Apple Watch ‘Explorer Edition’ Will Take Waterproofing to a Radical New Level
Toggle Dark Mode
With reports that Apple is preparing to release a third class of Apple Watch this year, we may soon see the most significant change to Apple’s wearable product lineup since the first Apple Watch debuted in 2014.
If the rumors are true, this year, we’ll see not only the Apple Watch Series 8 but also a second-generation Apple Watch SE and a whole new rugged “Apple Watch Explorer Edition” designed for extreme sports and other outdoor adventures.
A little over a year ago, Bloomberg’s Mark Gurman revealed that Apple was working on a new ruggedized version of the Apple Watch. Sources said this new model was known internally as the “Explorer Edition” and was being built in the same vein as other extreme sports watches, such as Casio’s G-Shock series.
Opt-out from Data Brokers that Sell Your Personal Information and Cookies
Once in a while, you come across apps that blow you away. This ultimate privacy app helps you opt-out of data brokers that sell your personal information and cookies like it's a commodity.
According to Gurman’s sources, Apple has been mulling the idea of a more rugged Apple Watch since at least 2015, when the original Apple Watch launched, to provide an option for “extreme sports athletes.”
At the time, however, it would appear that Apple preferred to stick to its standard Apple Watch design and focus instead on adding better waterproofing. This showed up in 2016 with the Apple Watch Series 2 — a model that Apple targeted more specifically at swimmers.
However, more recently, Apple has lost business to rivals such as Casio, which have long offered more rugged models suitable for outdoor activities. This has led to the resurrection of the idea within Apple of producing a version of the wearable that would address that market.
In his most recent Power On newsletter, Gurman reiterated that the “Explorer Edition” is still coming — and he’s expecting it to be this year’s most significant change to the Apple Watch lineup.
I’ll be looking for three new models this year: an Apple Watch Series 8, a new SE-branded version and a rugged model at the high end. From everything I’ve heard about this year’s Apple Watch plan, the rugged model will be the biggest change to the product line—and where any major hardware changes are likely to show up.Mark Gurman
It’s beginning to look even more like last year’s rumors of a big Apple Watch redesign may have been farther off the mark than anyone thought. When the alleged new design failed to show up on the Series 7, many believed that maybe Apple was holding off for the Series 8. However, our sources suggest that we won’t see any significant design changes this year either, and Gurman agrees.
There’s a theory that the Apple Watch SE could get the new design, but that’s entirely speculation so far. Although we could imagine Apple doing something to differentiate the new Apple Watch SE from the main Series 8, we’ve heard very little about it either way.
Most of the reports about the Apple Watch “Explorer Edition” indicate that it will be virtually identical to the Series 8 under the hood, with the major difference being the physical design.
However, what’s even more interesting is that Apple has just filed a new patent application that would be related to some seriously hardcore waterproofing — the kind of thing that seems made for a rugged Apple Watch.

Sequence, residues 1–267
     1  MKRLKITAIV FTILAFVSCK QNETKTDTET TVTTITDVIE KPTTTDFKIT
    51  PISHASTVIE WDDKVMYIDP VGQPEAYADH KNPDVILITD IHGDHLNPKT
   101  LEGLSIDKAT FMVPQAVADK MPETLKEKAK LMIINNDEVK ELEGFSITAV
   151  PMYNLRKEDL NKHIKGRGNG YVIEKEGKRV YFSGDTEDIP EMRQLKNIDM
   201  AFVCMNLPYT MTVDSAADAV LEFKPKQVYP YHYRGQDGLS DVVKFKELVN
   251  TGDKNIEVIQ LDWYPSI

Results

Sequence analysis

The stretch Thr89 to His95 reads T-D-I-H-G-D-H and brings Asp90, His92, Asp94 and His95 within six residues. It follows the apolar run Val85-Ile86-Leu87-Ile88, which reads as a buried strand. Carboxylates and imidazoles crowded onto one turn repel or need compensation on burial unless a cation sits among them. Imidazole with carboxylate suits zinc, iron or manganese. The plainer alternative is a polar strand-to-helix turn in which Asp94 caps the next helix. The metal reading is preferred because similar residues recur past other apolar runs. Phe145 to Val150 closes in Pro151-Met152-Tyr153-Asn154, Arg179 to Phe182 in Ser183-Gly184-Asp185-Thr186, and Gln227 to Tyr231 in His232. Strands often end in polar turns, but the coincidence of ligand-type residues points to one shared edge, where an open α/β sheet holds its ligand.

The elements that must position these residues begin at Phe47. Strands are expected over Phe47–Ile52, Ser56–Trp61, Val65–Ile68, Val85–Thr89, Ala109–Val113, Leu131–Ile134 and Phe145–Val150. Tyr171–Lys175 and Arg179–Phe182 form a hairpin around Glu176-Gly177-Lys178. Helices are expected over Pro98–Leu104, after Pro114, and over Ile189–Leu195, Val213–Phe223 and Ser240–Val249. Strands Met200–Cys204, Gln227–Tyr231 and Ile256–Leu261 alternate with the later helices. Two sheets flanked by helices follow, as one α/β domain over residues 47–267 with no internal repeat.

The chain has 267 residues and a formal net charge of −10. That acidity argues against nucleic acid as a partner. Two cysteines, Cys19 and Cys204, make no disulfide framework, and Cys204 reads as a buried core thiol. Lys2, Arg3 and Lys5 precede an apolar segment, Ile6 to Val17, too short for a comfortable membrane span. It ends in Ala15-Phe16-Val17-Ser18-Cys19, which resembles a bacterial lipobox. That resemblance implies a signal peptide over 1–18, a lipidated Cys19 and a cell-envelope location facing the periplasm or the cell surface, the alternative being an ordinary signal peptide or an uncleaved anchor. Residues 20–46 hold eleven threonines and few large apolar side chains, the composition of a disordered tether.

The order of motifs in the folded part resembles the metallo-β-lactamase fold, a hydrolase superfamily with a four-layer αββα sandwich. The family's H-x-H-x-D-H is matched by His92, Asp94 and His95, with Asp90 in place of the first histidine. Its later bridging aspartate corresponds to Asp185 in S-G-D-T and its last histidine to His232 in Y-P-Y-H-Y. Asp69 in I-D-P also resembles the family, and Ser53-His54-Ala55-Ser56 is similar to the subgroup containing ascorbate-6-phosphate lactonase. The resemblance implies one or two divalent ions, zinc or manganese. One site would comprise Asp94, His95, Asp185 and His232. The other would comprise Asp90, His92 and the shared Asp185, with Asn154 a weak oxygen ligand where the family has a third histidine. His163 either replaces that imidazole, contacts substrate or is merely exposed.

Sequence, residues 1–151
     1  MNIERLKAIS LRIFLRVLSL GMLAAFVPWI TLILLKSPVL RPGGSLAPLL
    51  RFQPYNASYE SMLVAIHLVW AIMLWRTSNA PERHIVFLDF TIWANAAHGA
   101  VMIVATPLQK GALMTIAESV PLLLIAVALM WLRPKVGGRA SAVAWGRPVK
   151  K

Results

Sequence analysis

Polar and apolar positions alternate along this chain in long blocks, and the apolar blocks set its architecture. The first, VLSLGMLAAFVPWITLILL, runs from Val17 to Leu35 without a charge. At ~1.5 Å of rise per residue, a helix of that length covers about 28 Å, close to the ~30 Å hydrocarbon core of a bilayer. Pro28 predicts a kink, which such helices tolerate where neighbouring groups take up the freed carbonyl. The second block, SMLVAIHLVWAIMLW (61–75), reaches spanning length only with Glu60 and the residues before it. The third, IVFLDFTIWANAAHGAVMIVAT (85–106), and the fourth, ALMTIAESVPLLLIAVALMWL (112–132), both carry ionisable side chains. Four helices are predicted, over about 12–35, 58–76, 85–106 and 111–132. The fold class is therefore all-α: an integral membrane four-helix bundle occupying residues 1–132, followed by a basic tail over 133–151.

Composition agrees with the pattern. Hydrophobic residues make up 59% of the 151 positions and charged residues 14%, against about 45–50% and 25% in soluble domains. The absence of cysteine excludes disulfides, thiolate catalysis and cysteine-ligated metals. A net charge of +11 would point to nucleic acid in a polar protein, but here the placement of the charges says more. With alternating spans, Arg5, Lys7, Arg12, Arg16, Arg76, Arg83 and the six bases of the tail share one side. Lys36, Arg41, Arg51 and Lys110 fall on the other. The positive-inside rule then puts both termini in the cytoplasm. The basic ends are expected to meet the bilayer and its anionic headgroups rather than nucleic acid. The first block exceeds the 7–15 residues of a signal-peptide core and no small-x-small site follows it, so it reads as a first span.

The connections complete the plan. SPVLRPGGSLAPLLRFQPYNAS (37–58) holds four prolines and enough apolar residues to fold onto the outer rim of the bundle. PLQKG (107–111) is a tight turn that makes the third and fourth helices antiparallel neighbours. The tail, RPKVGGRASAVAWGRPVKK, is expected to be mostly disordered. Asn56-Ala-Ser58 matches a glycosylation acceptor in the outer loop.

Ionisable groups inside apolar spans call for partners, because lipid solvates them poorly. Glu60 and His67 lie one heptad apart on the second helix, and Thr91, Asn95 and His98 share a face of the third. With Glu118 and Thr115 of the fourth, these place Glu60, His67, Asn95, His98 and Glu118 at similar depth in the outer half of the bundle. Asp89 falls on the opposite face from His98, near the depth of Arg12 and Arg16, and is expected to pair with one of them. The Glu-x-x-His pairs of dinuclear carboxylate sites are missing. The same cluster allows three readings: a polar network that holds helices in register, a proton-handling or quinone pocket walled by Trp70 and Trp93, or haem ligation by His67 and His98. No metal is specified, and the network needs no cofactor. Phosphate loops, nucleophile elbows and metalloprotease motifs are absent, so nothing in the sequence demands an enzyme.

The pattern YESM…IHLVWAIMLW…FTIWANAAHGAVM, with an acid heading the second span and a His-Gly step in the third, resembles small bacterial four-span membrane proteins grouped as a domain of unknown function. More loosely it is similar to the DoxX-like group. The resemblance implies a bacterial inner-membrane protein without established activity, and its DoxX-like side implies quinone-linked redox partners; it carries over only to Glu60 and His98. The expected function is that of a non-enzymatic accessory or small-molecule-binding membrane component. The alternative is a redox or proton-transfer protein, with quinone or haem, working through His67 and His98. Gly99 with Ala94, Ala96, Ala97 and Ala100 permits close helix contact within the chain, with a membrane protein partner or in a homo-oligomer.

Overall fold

As shared by Patently Apple, the patent in question is about sensors to detect water ingress, not waterproofing methods, but it’s not hard to read between the lines.
Specifically, the new sensors are designed to detect water ingress using units that are an order of magnitude beyond the water resistance found on any Apple Watch, iPhone, or other Apple device that’s on the market today.
According to the new patent, Apple wants to begin working with more serious waterproofing measurements beyond the widely-used ingress protection (IP) scale. Instead, the new patent describes ratings in units of “Atmospheres” (ATM) — measures that begin where the IP scale ends.
For instance, the highest IP rating, IP68, only guarantees that a device will be safe from immersion in 1–3 meters of water for at least 30 minutes. While, in many cases, the iPhone has proven to do much better than that, the IP rating scale doesn’t go high enough to reflect that.
This is where ATM ratings come in. It’s a scale already in widespread use by divers’ watches, so it’s not hard to see where Apple might be going with this.
As Patently Apple notes, there are likely three key ATM levels that Apple would be looking at, which provide protection from 50 meters below sea level (5 ATM) all the way down to 200 meters (20 ATM).
The 20 ATM rating is most commonly used for watches with a “Diver” tag, designed for scuba/skin diving and high-speed sporting.
Unlike IP ratings, ATM measurements are about more than simple immersion. They also recognize that rapid movement, such as diving into water or moving your arms about underwater, can result in increased pressure. For example, even on the lower end of that scale, a 5 ATM watch is recommended for pool diving, and you’d generally want a 10 ATM watch for things like surfing and snorkeling.
This latest patent application doesn’t say anything about Apple adding this level of waterproofing or how it would even go about doing so. However, suppose Apple does plan to build sensors that can measure water ingress in atmospheres. In that case, it stands to reason that it’s because it plans to bolster the waterproofing to the level where those kinds of measurements will be necessary.
[The information provided in this article has NOT been confirmed by Apple and may be speculation. Provided details may not be factual. Take all rumors, tech or otherwise, with a grain of salt.]